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Hazardous Waste Dumps

May 25, 2005 | From Associated Press
The House voted Tuesday to temporarily store commercial nuclear waste at one or more federal facilities, fearing further delays in a proposed Yucca Mountain nuclear waste repository in Nevada. The directive was included in a $29.7-billion measure funding the Energy Department, and came over the objections of lawmakers from Washington and South Carolina, two states where the waste from commercial power reactors might be located. An attempt by Rep. Edward J. Markey (D-Mass.
May 17, 2005 | From Times Staff Reports
The state won a victory Monday in the struggle with insurance companies to help fund the cleanup of the Stringfellow hazardous waste site in Glen Avon. A Riverside County Superior Court jury found five insurers -- out of 35 that the state purchased policies from -- liable for $16 million to $28 million. The state reached a $93-million settlement with 16 additional insurers in February. After two decades of litigation, the state has so far won $121 million for the cleanup effort.
May 8, 2005 | From Times Wire Reports
Members of two legislative committees have agreed to cut in half funding for the state's fight against Yucca Mountain, saying the federal plan to bring a nuclear waste dump to Nevada appears on the verge of collapse. Gov. Kenny Guinn recommended $2 million for the state's Yucca effort in his 2005-2007 budget. But the Senate Finance Committee and Assembly Ways and Means Committee voted to reduce that amount to $1 million. Republican state Sen.
May 1, 2005 | Jim Robbins, Jim Robbins is a Montana-based freelance writer. He last wrote for the magazine about the West's wild wolves.
Ghosts dwell among the living in Butte, Montana, a mining town haunted by its glory days, when the population was three times what it is now. It is haunted by the thousands of miners who died here, taking copper out of the underground tunnels with drills and dynamite. And from the viewing stand on the lip of a noxious 1,800-foot-deep mine pit that sits next to the Uptown neighborhood, it's clear that the city is also haunted by water.
April 6, 2005 | Elise Castelli, Times Staff Writer
The Department of Energy will not consider seeking a license for the proposed nuclear waste dump at Yucca Mountain in Nevada until investigations into possible falsification of water-safety surveys are complete, officials said Tuesday.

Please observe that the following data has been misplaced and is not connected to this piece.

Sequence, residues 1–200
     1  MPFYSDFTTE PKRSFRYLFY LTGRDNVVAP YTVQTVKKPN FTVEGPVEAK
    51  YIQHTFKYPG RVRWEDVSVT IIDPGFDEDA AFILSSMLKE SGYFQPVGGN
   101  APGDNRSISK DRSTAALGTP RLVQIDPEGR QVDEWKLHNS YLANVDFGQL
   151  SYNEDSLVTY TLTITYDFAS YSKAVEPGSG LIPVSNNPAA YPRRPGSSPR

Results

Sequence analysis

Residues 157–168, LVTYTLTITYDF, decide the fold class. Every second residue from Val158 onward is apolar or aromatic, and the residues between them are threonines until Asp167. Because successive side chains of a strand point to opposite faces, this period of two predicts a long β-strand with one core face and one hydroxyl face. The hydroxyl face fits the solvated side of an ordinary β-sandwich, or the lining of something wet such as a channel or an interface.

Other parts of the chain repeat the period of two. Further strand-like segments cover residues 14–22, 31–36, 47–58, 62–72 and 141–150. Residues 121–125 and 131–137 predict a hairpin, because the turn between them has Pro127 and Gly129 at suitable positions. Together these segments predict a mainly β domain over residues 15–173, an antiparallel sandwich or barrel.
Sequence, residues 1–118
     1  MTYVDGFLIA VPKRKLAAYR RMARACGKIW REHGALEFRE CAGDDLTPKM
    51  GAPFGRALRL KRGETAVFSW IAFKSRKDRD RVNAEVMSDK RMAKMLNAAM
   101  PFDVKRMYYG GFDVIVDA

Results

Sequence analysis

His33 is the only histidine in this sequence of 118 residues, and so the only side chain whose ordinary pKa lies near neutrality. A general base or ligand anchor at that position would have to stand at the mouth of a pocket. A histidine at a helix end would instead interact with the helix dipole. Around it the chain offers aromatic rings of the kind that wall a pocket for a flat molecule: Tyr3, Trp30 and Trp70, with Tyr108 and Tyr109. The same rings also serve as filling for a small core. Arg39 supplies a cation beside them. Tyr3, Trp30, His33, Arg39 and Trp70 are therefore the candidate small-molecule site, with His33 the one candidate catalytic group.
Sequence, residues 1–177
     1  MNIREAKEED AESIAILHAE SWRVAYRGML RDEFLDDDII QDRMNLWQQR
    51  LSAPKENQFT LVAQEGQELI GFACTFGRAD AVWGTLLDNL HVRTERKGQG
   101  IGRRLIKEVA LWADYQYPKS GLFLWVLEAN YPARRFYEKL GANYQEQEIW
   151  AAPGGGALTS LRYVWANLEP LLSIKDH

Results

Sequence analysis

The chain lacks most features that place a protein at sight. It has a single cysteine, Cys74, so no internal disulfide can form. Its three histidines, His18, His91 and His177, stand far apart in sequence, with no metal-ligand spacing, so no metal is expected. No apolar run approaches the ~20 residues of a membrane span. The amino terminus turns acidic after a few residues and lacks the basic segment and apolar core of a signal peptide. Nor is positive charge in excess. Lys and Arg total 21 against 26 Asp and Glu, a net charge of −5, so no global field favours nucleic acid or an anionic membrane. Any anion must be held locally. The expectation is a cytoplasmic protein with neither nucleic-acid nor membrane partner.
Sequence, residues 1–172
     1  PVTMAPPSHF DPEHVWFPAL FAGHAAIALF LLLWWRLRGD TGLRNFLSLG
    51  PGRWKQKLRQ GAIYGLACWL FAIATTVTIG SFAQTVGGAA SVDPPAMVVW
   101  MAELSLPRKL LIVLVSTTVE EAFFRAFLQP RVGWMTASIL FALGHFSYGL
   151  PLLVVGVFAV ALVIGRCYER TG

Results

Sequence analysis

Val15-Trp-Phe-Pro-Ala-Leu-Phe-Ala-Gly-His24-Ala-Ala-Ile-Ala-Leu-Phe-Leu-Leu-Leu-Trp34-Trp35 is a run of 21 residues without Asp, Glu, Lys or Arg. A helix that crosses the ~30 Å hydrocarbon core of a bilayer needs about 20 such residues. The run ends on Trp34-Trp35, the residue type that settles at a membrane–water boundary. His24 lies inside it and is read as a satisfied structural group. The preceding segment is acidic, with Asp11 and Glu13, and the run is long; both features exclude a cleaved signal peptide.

April 5, 2005 | From Associated Press
Internal Energy Department memos contend that e-mails by Yucca Mountain workers talking about making up data "are not likely to discredit or bring into question" key scientific conclusions about the proposed nuclear waste dump site. But the memos, released Monday by a congressional committee, also indicate that department officials learned about the problem in early December -- more than three months before making it public.
March 31, 2005 | From Associated Press
The FBI is investigating possible document falsification by workers on the Yucca Mountain nuclear waste dump project in Nevada, a congressional staffer said Wednesday. Chad Bungard, deputy staff director and chief counsel for a House Government Reform subcommittee, said he learned of the probe from the inspector general's office at the Department of Interior, which also was investigating. "I think they're doing the right thing by pursuing the criminal matter in this case," he said.
March 17, 2005 | Ralph Vartabedian, Times Staff Writer
Two federal agencies launched investigations Wednesday into evidence that government scientists had submitted phony data to help prove that a proposed nuclear dump at Yucca Mountain in Nevada would be safe. The disclosure could delay the long-troubled project and undermine assurances that the waste dump would pose no harm to the public for thousands of years.
February 13, 2005 | Ralph Vartabedian, Times Staff Writer
The federal government's campaign to put a nuclear waste dump at Yucca Mountain in Nevada is in trouble, having encountered political and legal setbacks during the last year that have raised questions about when and even if the project will go forward. The state has stunned federal officials with its tenacity, legal skill and evolving political acumen, scoring key victories in federal court and in Congress that have repeatedly stalled the project 90 miles northwest of Las Vegas.
February 10, 2005 | From Times Wire Reports
Energy Secretary Samuel Bodman told lawmakers that while the Yucca Mountain nuclear waste project in Nevada would be delayed, the government was "very focused and committed" to building the facility. Bodman was questioned about the Bush administration's commitment to the program after the Energy Department said it would ask for only $651 million for it in the next fiscal year.
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